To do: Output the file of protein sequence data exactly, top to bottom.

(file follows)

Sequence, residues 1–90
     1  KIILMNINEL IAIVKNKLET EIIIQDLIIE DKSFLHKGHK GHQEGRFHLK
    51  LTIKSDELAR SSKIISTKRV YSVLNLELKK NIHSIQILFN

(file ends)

Sequence, residues 1–90
     1  KIILMNINEL IAIVKNKLET EIIIQDLIIE DKSFLHKGHK GHQEGRFHLK
    51  LTIKSDELAR SSKIISTKRV YSVLNLELKK NIHSIQILFN